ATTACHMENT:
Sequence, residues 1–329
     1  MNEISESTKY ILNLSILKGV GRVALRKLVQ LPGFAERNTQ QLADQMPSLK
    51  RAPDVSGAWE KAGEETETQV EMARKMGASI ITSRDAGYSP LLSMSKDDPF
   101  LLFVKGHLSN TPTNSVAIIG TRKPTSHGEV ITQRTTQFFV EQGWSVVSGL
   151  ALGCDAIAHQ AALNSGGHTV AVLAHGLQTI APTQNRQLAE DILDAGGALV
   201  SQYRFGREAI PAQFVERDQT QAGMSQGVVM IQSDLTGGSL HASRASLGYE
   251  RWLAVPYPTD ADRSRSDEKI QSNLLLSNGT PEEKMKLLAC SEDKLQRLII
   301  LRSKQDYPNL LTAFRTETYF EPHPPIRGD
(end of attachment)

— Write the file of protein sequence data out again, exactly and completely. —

Sequence, residues 1–329
     1  MNEISESTKY ILNLSILKGV GRVALRKLVQ LPGFAERNTQ QLADQMPSLK
    51  RAPDVSGAWE KAGEETETQV EMARKMGASI ITSRDAGYSP LLSMSKDDPF
   101  LLFVKGHLSN TPTNSVAIIG TRKPTSHGEV ITQRTTQFFV EQGWSVVSGL
   151  ALGCDAIAHQ AALNSGGHTV AVLAHGLQTI APTQNRQLAE DILDAGGALV
   201  SQYRFGREAI PAQFVERDQT QAGMSQGVVM IQSDLTGGSL HASRASLGYE
   251  RWLAVPYPTD ADRSRSDEKI QSNLLLSNGT PEEKMKLLAC SEDKLQRLII
   301  LRSKQDYPNL LTAFRTETYF EPHPPIRGD